Brazilian officials said that a Rio hotel will cost on average $460 during next year's World Cup, double the price in Johannesburg and 50% more than in Berlin, "which hosted finals at the last two previous tournaments," according to the AFP. According to a report by the state tourism agency Embratur, in Johannesburg in '10, the average price of accommodation was $200 while in Berlin four years earlier it was $300. During the Confederations Cup in June, "a hotel room in the northeastern city of Salvador" cost $75 a night. But in July next year, "the price will jump" 583% to $509. In other World Cup host cities, increases in hotel rates of 200-350% "are also reported." Some 600,000 foreign tourists "are expected to flock to Brazil for the World Cup, 30 times more than during the Confederations Cup" (AFP, 8/15).
The Court of Arbitration for Sport said that Ukrainian Premier League club Metalist Kharkiv has appealed to CAS over its "one season ban from European competition," according to Brian Homewood of REUTERS. CAS announced Metalist had made "an urgent request for provisional measures … to obtain the temporary stay of the UEFA decision excluding the Ukrainian club from UEFA competitions … and its reinstatement in such competitions." Metalist, due to face Bundesliga side Schalke 04 in the two-legged Champions League playoff round later this month, was "expelled by UEFA on Wednesday." Greek side PAOK Salonika, "the team Metalist eliminated in the third qualifying round," has replaced them as Schalke's opponents (REUTERS, 8/15).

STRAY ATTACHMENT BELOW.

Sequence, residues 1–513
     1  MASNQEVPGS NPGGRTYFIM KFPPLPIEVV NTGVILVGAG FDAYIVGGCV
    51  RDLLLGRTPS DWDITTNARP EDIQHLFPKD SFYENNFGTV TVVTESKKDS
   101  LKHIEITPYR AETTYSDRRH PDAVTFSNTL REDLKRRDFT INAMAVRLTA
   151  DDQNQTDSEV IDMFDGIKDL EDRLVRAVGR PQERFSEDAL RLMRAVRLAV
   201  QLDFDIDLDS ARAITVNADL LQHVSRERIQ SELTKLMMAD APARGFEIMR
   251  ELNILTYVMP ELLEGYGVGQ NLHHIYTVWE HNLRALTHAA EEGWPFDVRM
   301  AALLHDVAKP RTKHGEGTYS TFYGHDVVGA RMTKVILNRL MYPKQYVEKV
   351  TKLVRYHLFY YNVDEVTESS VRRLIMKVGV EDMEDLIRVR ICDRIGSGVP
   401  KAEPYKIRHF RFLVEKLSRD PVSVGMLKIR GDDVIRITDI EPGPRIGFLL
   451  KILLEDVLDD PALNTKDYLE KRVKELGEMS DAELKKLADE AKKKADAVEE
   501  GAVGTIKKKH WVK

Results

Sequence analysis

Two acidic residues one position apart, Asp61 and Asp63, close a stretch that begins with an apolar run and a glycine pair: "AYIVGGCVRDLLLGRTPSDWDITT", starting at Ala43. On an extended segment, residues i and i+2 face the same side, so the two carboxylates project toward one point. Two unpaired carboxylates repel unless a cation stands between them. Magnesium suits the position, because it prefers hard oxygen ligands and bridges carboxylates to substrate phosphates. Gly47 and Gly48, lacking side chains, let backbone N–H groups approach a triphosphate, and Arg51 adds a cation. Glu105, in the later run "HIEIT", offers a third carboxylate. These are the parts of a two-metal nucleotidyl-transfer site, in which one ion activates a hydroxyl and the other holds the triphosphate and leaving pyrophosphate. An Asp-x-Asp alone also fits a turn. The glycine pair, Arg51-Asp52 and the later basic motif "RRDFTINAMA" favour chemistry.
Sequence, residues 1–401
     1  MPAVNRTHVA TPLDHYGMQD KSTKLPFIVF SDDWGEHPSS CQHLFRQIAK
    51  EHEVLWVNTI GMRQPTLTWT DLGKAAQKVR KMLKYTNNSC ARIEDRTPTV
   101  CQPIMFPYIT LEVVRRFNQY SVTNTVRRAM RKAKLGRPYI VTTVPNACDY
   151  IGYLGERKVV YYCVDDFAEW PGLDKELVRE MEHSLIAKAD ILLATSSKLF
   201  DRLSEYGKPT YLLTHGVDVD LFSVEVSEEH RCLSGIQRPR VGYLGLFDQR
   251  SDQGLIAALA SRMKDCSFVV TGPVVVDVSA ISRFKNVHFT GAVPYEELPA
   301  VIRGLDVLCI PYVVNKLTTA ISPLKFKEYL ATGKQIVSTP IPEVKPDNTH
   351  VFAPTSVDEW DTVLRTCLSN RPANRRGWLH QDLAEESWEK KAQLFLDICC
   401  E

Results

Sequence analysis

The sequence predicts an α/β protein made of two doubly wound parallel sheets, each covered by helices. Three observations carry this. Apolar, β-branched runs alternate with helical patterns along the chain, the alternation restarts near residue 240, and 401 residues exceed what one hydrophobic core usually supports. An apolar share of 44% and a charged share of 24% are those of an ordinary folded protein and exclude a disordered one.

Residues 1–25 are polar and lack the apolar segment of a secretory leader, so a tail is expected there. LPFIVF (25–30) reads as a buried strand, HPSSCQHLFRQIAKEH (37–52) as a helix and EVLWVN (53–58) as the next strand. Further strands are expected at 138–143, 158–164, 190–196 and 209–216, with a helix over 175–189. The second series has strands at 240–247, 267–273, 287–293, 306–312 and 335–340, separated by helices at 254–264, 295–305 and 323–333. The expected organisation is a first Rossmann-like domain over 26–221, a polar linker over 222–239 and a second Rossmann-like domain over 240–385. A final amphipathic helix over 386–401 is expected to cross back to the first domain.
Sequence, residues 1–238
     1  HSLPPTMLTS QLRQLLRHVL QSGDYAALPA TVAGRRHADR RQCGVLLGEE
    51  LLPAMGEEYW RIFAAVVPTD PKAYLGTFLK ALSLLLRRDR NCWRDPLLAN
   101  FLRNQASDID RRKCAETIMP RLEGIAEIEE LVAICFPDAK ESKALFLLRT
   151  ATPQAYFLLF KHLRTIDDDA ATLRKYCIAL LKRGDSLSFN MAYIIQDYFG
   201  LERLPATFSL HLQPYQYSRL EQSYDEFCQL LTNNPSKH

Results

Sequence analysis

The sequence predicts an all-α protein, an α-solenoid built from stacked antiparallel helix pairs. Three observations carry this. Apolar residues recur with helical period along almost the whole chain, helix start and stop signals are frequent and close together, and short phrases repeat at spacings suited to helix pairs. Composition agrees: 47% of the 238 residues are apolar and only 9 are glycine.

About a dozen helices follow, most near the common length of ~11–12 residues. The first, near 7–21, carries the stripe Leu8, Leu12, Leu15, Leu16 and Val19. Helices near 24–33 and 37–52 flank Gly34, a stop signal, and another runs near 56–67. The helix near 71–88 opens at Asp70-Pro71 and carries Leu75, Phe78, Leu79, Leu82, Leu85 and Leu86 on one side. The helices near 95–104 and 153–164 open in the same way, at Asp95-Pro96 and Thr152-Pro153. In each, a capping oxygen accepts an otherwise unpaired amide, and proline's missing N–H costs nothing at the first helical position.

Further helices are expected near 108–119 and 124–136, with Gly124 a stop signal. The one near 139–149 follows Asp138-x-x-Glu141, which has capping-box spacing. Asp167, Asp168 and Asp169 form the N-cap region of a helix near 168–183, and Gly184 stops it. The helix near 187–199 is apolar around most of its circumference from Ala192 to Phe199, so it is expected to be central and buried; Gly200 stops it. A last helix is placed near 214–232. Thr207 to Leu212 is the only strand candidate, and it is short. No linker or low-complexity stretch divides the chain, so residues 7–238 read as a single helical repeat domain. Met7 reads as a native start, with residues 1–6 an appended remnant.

Football Federation Australia and A-League side Western Sydney Wanderers "are investigating the series of flares that were lit during Wednesday night's pre-season match in Canberra, threatening to track down culprits and issue five-year bans" (CANBERRA TIMES, 8/16). ... Spanish Football League (LFP) President Javier Tebas has blasted the Spanish Football Federation (RFEF) "for what he believes is a failure to take the current revelations of match-fixing seriously enough." In an attack on RFEF President Angel Maria Villar, Tebas said, "I believe they should be getting more involved in what is being done. It is not enough to let the public investigators act. The Federation, as much as the league, have the ability to take decisions with the information we have" (INSIDE WORLD FOOTBALL, 8/15). ... The South African national football team's "tottering hopes of qualifying for next year's World Cup in Brazil have just got worse as a result of decisive, far-reaching decisions" taken by FIFA. FIFA revealed that the qualifying game between the Central African Republic and Ethiopia on Sept. 7 "has been switched" from CAR's home in Bangui to the neutral venue of Brazzaville in the Congo Republic (SOWETAN LIVE, 8/14). ... Spain and Chile "will play a friendly match in Geneva, Switzerland" on Sept. 10 (FOOTBALL ESPANA, 8/15). ... La Liga Real Betis received 700 tickets to sell to its fans from Real Madrid, which will host Real Betis on Sunday at the Santiago Bernabéu in Madrid. The price of each ticket was €20 ($26), and "they sold out in two hours." For fans who bought tickets, "the travel agency that works with Real Betis chartered an AVE high-speed bus to go to and from Madrid on Sunday." This AVE is full and "the club is already selling tickets for a second train" (AS, 8/15).